In Twists, Turns, and Yellow Brick Roads, I dig deep into the early history of American jurisprudence to unearth the original blueprints for standardized learning. While we all try to fathom how American education has deteriorated to its current condition, it is irresponsible to address the engineered rise of the Common Core without first digging into the fascinating history of Dartmouth College in Hanover, New Hampshire.
In 1819, after decades of virulent hatred between the original benefactors of Dartmouth and the State of New Hampshire, a toxic mix of economics, religion, ecology, and governance led to a watershed decision that gave Constitutional credence to the unrelenting power of legal and social contracts.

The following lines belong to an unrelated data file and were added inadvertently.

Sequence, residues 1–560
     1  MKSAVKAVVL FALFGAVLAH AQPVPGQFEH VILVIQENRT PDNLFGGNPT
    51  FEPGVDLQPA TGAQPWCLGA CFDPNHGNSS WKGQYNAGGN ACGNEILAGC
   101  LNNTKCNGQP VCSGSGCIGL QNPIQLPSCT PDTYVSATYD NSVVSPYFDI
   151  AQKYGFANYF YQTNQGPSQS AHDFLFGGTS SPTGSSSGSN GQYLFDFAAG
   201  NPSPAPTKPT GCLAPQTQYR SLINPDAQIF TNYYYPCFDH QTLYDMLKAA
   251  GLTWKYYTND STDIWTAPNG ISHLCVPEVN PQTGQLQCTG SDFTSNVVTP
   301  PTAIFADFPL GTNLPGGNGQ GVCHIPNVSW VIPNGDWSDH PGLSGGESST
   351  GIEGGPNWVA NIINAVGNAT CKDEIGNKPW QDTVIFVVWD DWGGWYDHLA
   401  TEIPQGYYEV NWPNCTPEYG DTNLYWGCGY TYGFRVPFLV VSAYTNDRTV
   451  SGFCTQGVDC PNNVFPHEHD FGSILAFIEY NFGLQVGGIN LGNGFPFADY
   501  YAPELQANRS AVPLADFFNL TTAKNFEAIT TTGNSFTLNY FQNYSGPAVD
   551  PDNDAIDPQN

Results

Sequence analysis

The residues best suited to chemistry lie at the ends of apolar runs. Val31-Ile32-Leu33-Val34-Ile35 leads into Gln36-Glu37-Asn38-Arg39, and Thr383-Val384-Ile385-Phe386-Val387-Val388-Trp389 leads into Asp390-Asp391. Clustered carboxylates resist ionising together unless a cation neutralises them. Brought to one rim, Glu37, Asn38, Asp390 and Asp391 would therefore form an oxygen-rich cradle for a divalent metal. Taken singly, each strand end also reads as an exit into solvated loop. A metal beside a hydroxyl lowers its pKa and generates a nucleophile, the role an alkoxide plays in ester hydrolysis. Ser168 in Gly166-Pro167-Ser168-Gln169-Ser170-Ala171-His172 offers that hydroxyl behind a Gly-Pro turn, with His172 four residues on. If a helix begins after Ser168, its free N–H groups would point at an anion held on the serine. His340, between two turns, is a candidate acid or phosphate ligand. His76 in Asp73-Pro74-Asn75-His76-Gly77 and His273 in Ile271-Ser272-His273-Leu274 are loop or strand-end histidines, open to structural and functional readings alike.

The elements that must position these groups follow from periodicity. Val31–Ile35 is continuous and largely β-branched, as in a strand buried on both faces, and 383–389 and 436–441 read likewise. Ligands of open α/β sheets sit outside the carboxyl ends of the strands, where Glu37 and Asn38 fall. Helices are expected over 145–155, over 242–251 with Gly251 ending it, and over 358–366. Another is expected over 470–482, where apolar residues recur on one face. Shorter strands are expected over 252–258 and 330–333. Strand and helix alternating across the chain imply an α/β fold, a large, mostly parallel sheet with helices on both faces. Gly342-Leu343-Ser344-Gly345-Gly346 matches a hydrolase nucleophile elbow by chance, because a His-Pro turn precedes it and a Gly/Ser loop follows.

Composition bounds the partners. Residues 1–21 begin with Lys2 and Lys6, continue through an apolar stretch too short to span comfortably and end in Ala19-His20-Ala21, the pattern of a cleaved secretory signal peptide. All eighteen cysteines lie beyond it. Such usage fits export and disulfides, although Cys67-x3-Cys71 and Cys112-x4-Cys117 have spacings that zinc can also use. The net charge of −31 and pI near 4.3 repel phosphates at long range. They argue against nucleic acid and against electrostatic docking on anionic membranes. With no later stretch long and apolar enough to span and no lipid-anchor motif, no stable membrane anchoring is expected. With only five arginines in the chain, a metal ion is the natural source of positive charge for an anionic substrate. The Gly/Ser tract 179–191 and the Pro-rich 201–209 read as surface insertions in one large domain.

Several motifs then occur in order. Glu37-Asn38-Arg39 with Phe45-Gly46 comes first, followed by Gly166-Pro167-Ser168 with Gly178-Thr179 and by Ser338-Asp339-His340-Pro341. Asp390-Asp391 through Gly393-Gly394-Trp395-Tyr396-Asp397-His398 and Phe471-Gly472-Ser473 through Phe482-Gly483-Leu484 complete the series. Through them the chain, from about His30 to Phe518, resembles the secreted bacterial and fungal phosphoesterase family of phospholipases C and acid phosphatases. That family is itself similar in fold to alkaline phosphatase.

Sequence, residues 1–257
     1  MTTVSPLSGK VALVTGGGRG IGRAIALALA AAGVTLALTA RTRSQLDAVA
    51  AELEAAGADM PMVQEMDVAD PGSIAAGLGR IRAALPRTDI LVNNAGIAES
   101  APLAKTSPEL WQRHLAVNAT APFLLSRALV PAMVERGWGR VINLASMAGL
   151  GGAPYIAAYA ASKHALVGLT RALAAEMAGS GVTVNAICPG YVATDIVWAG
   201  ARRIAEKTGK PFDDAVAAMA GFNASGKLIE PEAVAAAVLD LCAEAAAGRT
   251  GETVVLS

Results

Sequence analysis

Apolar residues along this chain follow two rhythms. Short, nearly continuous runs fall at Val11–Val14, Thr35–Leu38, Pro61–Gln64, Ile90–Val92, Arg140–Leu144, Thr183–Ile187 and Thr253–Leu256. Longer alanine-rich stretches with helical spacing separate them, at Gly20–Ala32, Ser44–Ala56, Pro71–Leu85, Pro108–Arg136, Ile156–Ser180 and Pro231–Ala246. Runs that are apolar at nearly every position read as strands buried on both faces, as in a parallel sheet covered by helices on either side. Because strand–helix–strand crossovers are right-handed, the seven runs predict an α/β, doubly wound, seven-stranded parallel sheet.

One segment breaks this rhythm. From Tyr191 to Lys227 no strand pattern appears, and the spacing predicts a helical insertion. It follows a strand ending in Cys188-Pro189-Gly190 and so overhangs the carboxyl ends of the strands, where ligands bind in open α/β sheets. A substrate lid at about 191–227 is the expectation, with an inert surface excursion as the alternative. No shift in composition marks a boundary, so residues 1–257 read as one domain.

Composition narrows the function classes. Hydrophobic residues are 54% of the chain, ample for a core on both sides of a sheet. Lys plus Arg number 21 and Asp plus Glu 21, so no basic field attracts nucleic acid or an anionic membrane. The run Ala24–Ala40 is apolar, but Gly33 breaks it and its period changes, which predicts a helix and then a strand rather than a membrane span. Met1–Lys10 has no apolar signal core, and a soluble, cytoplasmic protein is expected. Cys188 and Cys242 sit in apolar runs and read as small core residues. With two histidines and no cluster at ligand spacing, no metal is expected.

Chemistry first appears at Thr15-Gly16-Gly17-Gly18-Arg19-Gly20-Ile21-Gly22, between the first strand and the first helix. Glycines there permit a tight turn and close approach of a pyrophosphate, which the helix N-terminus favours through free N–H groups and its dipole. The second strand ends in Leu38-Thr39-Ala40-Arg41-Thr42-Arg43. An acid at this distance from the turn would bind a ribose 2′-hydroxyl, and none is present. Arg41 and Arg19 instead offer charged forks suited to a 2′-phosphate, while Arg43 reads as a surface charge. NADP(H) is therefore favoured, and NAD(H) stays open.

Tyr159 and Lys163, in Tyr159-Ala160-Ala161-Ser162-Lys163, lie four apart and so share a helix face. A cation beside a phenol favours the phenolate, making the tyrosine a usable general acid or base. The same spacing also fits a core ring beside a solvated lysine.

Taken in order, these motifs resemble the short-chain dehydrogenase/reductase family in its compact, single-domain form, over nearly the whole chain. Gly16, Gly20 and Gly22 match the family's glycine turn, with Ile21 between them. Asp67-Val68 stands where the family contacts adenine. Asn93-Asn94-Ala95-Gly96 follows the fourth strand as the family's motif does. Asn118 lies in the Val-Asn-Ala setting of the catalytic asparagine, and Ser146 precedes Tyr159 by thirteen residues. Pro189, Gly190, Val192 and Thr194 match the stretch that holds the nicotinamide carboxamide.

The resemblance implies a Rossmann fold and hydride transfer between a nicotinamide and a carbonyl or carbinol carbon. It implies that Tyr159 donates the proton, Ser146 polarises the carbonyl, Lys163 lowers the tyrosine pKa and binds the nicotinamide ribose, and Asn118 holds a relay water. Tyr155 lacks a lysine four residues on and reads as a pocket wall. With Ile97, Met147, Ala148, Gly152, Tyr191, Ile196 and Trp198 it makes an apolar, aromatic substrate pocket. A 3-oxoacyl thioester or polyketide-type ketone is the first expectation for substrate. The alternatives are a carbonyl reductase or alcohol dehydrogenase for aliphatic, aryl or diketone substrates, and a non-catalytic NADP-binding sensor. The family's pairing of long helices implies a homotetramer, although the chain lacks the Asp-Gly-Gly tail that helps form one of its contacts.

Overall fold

The resulting Supreme Court case Dartmouth College v. Woodward (17 U. S. 518, 1819) rendered one of the most formative decisions in American history. In the fertile grounds of early American capitalism, seeds that were grafted from maturing branches of American Constitutionality soon sprouted into a Brave New World of industrial-controlled learning.